UK internet providers are misleading the vast majority of customers when advertising broadband speed – but things could be about to change if a cross-party group of 50 MPs gets its way.
What’s the problem with broadband speed?
Three-quarters (74%) of British households aren’t getting the promised speeds on their broadband package, according to a survey by consumer gr, Which? – that’s around 15 million households whose broadband speed isn’t quite up to speed.
Although the overwhelming majority of respondents to the survey (90%) said speed was an important factor when choosing an ISP, the study found just a quarter (26%) with fixed broadband connections were getting the speeds they’re paying for.
As if that weren’t bad enough, it also found just 17% of homes received an average speed that matched the advertised level, and this dropped to just 15% during peak evening periods.
All of which is bad enough for domestic users, but even worse if you work from home and need faster speeds for your business.
All of which paints a less than perfect perfect picture of the broadband industry – the trouble is, even with such poor performance no internet service providers (ISPs) are currently in any breach of industry guidelines.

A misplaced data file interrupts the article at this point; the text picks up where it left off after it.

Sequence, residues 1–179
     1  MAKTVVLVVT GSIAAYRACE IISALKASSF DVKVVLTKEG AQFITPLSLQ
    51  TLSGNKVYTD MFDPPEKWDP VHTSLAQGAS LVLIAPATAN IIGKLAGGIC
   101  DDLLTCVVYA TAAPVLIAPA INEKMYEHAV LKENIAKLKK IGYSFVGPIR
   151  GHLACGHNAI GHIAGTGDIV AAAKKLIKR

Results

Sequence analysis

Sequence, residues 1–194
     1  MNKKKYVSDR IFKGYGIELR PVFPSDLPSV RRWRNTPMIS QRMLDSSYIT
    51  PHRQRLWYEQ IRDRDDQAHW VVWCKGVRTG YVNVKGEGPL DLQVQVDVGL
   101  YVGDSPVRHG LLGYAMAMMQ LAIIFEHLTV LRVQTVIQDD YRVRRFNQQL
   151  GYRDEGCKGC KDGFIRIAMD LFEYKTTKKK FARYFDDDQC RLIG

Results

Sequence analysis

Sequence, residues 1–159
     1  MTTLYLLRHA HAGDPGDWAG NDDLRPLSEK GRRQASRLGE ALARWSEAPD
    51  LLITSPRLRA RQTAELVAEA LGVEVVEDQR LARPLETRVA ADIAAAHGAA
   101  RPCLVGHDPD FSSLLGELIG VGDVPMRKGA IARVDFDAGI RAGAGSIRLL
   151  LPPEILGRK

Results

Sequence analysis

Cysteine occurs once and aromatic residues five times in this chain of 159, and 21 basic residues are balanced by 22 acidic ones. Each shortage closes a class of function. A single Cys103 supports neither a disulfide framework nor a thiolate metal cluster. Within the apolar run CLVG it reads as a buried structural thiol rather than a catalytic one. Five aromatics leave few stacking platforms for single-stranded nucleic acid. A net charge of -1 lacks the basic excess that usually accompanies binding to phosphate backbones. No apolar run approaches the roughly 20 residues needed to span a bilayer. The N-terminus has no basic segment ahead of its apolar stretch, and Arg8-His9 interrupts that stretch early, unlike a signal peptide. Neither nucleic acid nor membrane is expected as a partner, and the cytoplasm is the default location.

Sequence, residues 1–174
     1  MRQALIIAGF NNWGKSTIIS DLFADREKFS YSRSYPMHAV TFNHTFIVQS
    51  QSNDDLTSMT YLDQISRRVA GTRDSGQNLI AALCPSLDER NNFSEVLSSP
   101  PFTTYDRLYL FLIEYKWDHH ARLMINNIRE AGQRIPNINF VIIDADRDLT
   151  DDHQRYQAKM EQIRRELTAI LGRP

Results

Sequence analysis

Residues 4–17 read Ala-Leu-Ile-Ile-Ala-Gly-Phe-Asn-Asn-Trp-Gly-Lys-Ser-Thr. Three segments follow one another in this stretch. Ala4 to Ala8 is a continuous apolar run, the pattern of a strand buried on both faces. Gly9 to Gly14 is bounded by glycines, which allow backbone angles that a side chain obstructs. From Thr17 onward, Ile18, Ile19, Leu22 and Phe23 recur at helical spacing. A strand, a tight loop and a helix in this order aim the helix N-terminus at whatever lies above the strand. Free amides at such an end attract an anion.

These guidelines state just 10% of customers need to be able to obtain the fastest advertised speed, and while there have been no breaches, the Advertising Standards Authority (ASA) is aware of concerns and is looking into the problem.
Unlike other industries
One of the main issues appears to be that consumers seem to have little by way of rights and protection if their ISP is not meeting expectations, unlike other industries, such as airlines and banks, are forced to compensate customers for errors, delays and poor practice.
An ASA report into the state of the broadband industry said: “Consumers must be given the power to hold their internet service provider to account when they let them down or outright mislead them into signing a contract that makes promises that bear no resemblance to the later reality.”
Adding: “Consumers also need the power to leave contracts if they are found to have been misled.”
“Other industries, such as airlines and banks, are forced to compensate customers for errors, delays and poor practice, so why not broadband?” the report said.
Watch this space to see if new legislation can force ISPs to up their game.